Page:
It's a question every paranormal and/or urban fantasy reader encounters in the course of their reading: What's the difference between the two?
For me, Urban Fantasy is all about the paranormal embedded in a modern setting. There might be romance, but the romance is not the primary focus and a happily ever after is never guaranteed.
Some series that come to mind are Kat Richardson’s Greywalker series and the Hollows series by Kim Harrison; these books usually include a love interest and even a boyfriend or another, but the focus of the series is the action, character development, and the plot.
Whereas the first thing that comes to mind when we talk about Paranormal Romance is the happily ever after, in a PNR series or novel, you can absolutely expect that there will be a HEA for a couple in each of the books in the series. The books that come to mind are the Black Dagger Brotherhood series by J.R. Ward, as well as Gena Showalter’s Lords of the Underworld, Lara Adrian’s Midnight Breed and Larissa Ione’s Demonica series.
Another big difference between the genres, I believe, is the narrating voices. More often than not in Urban Fantasy we get the heroine narrating in first person, like in Charlaine Harris's Southern Mystery series:
“As the water pounded on my back, I reflected that I must be pretty simple. It didn't take much to make me happy. A long night with a dead guy had done the trick.”
— Charlaine Harris, Dead to the World (Sookie Stackhouse, #4)
Of course UF has stories written in third person as well, like Stacia Kane’s Downside Ghost series:
“She doubted he'd take too kindly to her fighting with them, no matter how much he liked having her in his bed.”
— Stacia Kane, Unholy Magic (Downside Ghosts, #2)
On the other hand, Paranormal Romances are usually written in more than one point of view and all in third person. We constantly get to get into the leading lady’s head along with the leading male and sometimes even the villain and other side characters as well.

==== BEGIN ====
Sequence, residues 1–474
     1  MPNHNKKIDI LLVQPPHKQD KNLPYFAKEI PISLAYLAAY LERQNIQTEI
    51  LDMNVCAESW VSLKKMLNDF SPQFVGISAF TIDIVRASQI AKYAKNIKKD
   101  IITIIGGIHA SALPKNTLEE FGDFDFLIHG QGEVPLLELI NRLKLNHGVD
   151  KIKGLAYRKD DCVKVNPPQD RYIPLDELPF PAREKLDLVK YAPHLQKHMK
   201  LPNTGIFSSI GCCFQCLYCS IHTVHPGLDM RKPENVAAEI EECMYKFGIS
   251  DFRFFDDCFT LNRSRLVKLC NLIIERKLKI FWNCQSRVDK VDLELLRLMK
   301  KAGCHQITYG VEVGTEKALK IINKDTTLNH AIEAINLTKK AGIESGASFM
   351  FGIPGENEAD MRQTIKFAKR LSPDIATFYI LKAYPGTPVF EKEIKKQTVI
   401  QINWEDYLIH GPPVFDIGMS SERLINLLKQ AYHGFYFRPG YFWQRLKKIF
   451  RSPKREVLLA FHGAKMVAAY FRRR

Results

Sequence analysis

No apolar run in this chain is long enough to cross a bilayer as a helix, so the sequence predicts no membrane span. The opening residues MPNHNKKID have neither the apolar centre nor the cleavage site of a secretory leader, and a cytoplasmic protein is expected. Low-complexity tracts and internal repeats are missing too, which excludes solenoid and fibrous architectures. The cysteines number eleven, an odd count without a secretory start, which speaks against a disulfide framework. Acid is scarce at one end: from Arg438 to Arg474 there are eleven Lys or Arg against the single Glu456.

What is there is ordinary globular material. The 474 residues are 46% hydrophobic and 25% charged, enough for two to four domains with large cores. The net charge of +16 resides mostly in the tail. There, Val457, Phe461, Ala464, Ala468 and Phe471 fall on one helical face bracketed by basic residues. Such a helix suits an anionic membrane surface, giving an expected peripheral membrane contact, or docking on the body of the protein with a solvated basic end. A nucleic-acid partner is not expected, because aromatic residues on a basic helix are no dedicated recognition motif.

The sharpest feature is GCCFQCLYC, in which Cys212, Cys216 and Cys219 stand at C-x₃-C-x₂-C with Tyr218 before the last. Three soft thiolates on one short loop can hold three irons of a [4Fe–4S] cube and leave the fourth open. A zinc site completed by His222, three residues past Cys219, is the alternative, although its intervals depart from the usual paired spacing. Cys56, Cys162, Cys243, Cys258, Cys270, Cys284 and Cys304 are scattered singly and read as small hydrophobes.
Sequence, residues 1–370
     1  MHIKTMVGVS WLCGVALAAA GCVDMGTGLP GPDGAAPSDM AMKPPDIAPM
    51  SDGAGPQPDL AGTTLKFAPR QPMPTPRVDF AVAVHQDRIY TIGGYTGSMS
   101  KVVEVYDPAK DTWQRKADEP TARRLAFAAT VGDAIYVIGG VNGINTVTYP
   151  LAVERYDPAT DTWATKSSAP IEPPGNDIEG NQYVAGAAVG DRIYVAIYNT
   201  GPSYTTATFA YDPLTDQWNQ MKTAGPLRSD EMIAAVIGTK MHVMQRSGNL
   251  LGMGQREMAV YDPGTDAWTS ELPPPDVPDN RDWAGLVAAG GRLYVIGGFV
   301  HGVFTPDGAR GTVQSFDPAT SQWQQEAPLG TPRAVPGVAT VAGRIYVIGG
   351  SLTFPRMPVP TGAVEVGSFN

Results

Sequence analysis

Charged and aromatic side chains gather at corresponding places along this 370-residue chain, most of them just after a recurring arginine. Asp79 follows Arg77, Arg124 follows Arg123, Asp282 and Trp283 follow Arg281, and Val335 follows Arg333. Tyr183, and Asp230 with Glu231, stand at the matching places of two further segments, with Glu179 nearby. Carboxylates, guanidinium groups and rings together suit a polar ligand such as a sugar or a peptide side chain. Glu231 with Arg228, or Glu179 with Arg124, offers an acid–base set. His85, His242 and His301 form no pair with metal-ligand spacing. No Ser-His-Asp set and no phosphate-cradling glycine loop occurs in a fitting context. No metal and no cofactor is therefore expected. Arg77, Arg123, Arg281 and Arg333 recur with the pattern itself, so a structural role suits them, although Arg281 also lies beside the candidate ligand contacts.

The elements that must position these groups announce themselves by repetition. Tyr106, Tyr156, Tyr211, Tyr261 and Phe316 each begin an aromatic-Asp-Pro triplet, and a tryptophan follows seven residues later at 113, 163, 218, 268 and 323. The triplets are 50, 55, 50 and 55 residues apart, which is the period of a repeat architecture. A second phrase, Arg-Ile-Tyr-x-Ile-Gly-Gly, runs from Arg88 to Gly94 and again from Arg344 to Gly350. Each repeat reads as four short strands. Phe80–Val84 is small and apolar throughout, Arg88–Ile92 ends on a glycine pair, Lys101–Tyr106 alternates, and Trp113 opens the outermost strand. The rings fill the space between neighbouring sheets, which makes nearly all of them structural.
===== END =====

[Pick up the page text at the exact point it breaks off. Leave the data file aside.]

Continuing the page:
“He has resisted Temptation for Centuries, A stone cold warrior whose frozen heart refuses to thaw—until her...” —Lara Adrian
And because there is more of a distance between the readers' and the characters' thoughts, it feels like we might not be getting the whole story. I mean, since it’s not first person, we can’t be certain what exactly the character is thinking, since we don’t get the complete thought process.
One of the biggest differences between both genres for me is the character developments. In Urban Fantasy, we usually have one main character who will appear as the protagonist of several novels. The character gets a chance to screw up and make it up to his friends and the readers innumerous times over.
Just think how many time you might have wanted to punch Rachel Morgan from the Hollows series, or Sarah from the Crimson Moon series by L.A. Banks. They had time and space to actually make colossal mistakes—but they actually also have a chance to fix them.
At the same time in Paranormal Romance, each couple of protagonists that make up a couple only have one book to make it all work—one single novel to make us care for these people individually as well as for their relationship, all the while dividing our attention between two or more points of view and creating a plot that will make that book do not feel superfluous and fit into a series. Yikes!
Authors such as Lara Adrian, Larissa Ione, and Gena Showalter actually pull that off time and time again for ongoing series.
Some series are in the tiny wriggle room between Urban Fantasy and Paranormal Romance which makes it hard to define them. I have a hard time fitting a series like the Night Huntress series by Jeaniene Frost. It’s Urban Fantasy, but it is very heavy on the romance side, so I tend to call it Romantic Urban Fantasy.
What other authors or series would you say are Romantic Urban Fantasy? Do you agree with my definitions?
Larissa Benoliel blogs at Larissa's Bookish Life and is a Brazilian-Israeli living in Rio de Janeiro. She loves to read Urban Fantasy, Fantasy, and Paranormal Romance. If she’s not online, she’s reading. Usually it's both.